Background. In theory, all the cell types that comprise the human ovary have the potential for malignant transformation. The vast majority of malignant ovarian tumors in the human, however, arise from the ovarian surface epithelium. These cells have important functions during reproductive life; they contribute to follicular rupture and by cell division repair the wound that accompanies ovulation. There has been much speculation that the rapid cycles of cell division associated with wound repair contribute significantly to the development of ovarian cancer. Such speculation is based on the observation that ovarian cancer occurs most frequently at the end of a woman's reproductive life and is associated with nulliparity. It is of potential significance that, unlike most epithelia, these cells are not replaced through replenishment stem cells with the development of one end-stage cell and one cell with continued growth potential. Rather, the division of an ovarian surface epithelial cell yields two daughter cells with equal potential for subsequent growth. Thus, all potential mutations as they accumulate are passed on to near-exponentially expanding subsequent generations of cells that can acquire additional mutations that could confer the malignant phenotype.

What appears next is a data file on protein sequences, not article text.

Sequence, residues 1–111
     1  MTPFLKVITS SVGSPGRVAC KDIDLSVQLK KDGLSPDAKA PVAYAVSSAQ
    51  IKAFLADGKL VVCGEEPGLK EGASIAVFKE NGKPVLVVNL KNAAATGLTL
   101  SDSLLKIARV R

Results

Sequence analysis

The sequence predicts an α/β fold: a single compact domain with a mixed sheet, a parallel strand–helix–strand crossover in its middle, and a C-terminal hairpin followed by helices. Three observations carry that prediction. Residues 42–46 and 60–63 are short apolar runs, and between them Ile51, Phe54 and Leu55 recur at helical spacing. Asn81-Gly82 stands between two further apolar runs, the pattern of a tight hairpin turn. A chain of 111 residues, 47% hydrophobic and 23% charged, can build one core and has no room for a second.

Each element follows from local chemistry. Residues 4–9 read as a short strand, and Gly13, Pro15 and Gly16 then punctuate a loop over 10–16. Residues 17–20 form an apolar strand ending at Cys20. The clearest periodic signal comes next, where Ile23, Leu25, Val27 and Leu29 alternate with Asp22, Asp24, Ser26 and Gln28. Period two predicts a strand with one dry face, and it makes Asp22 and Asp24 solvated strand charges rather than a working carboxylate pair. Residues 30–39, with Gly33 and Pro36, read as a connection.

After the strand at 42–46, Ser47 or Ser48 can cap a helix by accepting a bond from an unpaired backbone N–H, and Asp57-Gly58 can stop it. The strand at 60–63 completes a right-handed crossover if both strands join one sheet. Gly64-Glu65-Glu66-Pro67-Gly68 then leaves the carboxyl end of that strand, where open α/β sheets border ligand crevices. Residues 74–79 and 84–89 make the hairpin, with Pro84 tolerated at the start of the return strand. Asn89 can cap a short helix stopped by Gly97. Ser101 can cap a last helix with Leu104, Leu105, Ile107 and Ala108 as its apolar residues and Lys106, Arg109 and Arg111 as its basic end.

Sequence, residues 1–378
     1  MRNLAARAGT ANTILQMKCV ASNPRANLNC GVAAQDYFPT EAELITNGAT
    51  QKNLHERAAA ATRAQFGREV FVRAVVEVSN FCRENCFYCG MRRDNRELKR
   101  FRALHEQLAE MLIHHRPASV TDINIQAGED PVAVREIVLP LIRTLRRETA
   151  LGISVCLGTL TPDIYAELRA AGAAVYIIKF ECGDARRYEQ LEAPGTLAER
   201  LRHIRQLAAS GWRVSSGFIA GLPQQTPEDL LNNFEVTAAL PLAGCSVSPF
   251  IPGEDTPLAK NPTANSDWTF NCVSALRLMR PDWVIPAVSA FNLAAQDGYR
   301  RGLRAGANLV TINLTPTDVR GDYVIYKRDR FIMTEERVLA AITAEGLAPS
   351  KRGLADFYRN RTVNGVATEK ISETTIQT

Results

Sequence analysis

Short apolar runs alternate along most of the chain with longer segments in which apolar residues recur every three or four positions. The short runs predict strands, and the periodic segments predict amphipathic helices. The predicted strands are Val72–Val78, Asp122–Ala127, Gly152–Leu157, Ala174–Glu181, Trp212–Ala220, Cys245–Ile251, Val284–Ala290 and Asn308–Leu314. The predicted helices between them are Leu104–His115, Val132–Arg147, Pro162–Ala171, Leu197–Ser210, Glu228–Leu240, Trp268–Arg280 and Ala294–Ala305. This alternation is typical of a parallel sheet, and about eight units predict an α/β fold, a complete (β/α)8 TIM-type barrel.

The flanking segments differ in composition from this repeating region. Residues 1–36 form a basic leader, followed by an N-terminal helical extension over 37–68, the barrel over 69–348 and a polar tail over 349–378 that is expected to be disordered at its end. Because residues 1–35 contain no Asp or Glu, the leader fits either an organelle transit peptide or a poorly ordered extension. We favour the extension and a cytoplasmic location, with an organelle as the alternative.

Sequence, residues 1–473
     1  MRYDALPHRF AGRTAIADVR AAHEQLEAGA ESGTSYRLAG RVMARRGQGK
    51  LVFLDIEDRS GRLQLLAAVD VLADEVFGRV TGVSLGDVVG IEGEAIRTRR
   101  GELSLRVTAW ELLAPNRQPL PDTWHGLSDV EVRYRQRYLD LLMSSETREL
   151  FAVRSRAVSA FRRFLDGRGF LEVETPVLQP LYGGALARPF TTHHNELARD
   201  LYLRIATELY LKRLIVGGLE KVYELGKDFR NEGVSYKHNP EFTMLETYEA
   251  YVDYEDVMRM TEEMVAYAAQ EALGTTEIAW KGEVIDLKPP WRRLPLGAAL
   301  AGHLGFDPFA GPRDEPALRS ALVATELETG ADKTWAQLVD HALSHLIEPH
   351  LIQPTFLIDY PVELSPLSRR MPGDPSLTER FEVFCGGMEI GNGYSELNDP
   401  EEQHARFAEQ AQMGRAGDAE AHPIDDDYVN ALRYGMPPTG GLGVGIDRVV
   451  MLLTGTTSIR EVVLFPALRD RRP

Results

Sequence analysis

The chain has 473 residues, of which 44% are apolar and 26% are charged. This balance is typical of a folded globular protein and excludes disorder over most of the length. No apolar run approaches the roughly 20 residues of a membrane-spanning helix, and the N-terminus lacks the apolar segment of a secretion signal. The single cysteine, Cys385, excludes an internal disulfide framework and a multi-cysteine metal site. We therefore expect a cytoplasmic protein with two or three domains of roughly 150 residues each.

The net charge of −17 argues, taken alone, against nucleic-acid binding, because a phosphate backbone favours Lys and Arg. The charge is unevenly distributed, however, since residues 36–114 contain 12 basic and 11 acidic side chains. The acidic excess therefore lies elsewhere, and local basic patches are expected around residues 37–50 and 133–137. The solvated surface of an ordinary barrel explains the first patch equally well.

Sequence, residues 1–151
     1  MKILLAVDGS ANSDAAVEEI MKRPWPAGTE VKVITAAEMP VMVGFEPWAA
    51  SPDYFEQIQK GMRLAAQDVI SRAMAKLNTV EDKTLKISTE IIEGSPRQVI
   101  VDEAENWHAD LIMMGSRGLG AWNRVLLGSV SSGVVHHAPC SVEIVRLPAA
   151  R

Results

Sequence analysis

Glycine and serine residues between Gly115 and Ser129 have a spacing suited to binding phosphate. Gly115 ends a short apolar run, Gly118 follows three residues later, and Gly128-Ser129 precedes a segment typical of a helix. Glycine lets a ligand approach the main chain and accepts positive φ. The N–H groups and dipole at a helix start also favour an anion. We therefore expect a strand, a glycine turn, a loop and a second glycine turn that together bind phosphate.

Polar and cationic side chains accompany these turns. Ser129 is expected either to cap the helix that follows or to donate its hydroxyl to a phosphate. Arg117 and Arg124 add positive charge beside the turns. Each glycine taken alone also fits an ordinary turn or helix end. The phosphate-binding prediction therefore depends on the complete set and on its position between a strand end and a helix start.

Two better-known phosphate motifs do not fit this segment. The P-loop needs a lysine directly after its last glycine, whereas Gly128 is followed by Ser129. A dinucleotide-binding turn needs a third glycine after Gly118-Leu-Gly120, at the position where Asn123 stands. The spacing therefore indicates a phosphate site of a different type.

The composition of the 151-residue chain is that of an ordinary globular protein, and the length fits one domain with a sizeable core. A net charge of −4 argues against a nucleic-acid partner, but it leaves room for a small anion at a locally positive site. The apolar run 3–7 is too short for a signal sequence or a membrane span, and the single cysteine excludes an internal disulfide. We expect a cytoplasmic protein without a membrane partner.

Methods. We have developed a model to test the hypothesis that repeated cell division by ovarian surface epithelial cells contributes to development of malignancy. In this model, rat ovarian surface epithelial cells are isolated and subjected in vitro to repetitious cell division to mimic in a simple way growth of the surface epithelium in vivo.
Results. These cells develop a malignant phenotype based on loss of contact inhibition, the ability for substrate independent growth, tumorigenicity in athymic mice, and cytogenetic changes.
Conclusions. Our data support the involvement of tumor suppressor genes in the development of ovarian cancer.